On one hand, hundreds of medical education drop outs from outside and within state keep piling degree after degree but get emaciated for want of a government job while as on the other, those who already have made it to government jobs feel upbraided and penalized in case posted in some rural area. Yet half a dozen district hospitals and a score plus sub-district hospitals play pivotal role in providing basic health care facility ranging from dressings and stitching to ultrasonography scanning, to the patients, but what macerates this straw patients would have caught on to, is the lack of proper management coupled with non availability of specialist doctors in the said health care centers.
In most of these ill equipped hospitals doctors are posted randomly and no special criterion is groped for. Some time there could be a ‘specialist’ surgeon, who is too crafty to carry out major surgeries like Cholisystectomy, Appendisecty or even sensitive surgeries related to kidneys or prostrate, but non availability of an Anesthetist makes him to eat a humble pie. Similarly a neuro-physcians, cardiologist, diabatalogists could be posted in these health care centers, but they either have to treat common cold, aches and pains or have to resort to yawning out of boredom. Availability of basic equipments, in these hospitals could have curtailed the rush of such type of patients with moderate type of this sort of maladies, to the territory care centers at Srinagar city.
Tale of allopathic dispensers under the aegis of directorate of health services Kashmir is eclipsed enough, across hill and dale of the valley. The network of these basic medical care units is much more in number than the patients who collectively visit these centers now and then. The reason is once again lack of basic infrastructure. A rag-tag chair, a clumsy table, a rusted almira and few bottles of intravenous fluids, is all that constitutes a dispensary. A single or two para medical staff members play bosses, patients are left at their mercy.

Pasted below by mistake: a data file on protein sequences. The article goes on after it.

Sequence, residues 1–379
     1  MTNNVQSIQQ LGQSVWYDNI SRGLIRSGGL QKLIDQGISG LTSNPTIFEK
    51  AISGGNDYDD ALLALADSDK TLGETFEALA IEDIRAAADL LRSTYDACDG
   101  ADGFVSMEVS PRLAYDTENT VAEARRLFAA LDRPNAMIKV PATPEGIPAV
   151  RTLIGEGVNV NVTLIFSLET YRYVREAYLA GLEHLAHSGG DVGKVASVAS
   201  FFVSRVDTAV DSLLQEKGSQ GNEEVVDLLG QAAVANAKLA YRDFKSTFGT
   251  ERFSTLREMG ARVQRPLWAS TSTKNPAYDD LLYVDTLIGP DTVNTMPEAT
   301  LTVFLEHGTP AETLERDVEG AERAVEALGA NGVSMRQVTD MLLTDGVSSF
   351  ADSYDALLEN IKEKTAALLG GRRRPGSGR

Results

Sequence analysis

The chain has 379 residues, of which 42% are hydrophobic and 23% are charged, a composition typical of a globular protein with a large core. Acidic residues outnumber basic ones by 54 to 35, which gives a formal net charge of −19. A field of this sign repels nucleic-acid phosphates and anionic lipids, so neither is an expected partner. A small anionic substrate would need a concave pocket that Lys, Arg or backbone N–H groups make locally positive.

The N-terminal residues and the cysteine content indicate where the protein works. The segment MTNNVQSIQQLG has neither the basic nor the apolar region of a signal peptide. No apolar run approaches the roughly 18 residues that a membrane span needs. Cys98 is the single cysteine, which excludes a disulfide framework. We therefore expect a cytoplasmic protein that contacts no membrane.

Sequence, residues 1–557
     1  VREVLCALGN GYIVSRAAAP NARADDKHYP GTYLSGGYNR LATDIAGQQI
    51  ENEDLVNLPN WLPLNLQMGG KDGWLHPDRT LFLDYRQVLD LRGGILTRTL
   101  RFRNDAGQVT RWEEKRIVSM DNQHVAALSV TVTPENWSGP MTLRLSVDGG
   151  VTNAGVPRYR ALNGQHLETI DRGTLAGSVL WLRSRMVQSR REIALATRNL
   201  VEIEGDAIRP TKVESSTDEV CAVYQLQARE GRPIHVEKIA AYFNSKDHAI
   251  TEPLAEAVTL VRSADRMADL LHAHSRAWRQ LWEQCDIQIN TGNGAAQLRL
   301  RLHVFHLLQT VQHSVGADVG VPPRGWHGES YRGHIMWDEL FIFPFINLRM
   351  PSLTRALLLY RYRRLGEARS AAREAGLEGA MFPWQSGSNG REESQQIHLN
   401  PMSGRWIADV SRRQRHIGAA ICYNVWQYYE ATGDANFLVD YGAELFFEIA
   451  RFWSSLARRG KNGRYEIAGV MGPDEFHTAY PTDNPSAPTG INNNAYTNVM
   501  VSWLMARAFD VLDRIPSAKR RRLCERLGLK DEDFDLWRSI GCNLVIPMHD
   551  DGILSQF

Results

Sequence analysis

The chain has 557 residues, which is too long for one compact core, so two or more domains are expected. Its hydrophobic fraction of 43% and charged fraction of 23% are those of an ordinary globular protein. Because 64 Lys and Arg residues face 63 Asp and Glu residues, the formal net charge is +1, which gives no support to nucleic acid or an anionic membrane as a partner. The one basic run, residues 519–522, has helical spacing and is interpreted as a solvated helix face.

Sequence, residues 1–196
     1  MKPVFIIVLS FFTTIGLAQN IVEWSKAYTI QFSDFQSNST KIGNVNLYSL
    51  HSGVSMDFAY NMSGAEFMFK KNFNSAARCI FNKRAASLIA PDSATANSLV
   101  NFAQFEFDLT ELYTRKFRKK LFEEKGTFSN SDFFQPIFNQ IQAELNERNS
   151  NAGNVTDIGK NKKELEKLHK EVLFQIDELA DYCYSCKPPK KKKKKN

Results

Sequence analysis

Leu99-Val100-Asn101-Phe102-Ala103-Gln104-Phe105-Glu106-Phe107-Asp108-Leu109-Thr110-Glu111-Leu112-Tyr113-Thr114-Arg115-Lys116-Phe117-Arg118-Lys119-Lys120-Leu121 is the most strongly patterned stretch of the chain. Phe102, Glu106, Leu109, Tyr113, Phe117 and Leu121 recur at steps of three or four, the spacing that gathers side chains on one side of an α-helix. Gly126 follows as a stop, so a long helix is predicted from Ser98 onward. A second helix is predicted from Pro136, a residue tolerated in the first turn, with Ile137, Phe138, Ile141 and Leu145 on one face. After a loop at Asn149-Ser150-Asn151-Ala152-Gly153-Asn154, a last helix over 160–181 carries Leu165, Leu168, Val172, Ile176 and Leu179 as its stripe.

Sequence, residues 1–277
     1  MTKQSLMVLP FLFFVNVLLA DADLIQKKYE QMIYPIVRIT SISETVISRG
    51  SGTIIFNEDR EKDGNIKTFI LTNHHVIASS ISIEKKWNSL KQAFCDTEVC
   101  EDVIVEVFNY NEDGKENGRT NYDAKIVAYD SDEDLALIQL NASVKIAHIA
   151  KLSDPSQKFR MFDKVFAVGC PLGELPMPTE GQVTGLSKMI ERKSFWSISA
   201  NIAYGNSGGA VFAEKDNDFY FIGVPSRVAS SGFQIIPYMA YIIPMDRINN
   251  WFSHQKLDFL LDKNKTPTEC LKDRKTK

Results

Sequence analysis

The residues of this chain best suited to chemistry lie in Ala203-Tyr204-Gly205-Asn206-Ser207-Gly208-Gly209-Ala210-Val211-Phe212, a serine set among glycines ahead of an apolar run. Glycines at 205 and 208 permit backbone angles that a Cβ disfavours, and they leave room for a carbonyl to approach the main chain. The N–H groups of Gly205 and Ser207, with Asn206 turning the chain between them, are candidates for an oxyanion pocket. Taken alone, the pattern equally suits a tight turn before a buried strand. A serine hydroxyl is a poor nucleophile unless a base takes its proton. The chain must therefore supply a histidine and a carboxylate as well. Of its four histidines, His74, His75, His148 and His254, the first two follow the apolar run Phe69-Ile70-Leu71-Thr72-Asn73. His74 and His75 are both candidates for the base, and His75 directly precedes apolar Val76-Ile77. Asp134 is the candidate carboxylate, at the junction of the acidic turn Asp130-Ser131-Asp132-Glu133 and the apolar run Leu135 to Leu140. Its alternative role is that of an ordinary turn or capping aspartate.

While as most of the “Massiahs” posted at these basic medical care centers either make a surprise visit once in a blue moon to these centers or unashamedly ask the patients who trek down to some sub-district hospital for so called specialized treatment, about the latest happenings in and around their place of posting. This grim scenario, come crushing on the desperate lot all around rural belt forcing them go hands down to secondary or tertiary care units in Srinagar city. It is why, we see parents pushing, pulling and punching one another in a hurry, in the OPD’s of different Srinagar based Hospitals.
The pell-mell that is created by this torrential flow of patients into these hospitals turn the whole patient care topsy-turvy, a specialist who, literally is supposed to see 20-30 patients in OPD has to gambol with 200-300 precarious souls. Such a situation makes the particular specialists to go for cursory looks and symptomatic treatments, misdiagnosis, mal-treatment, delay in treatment, becomes the hall mark in long run, hence paving way for the patient to die by inches.
Need of the hour, for state government is to delve deep into the problem so that already mauled community is saved from further marauding.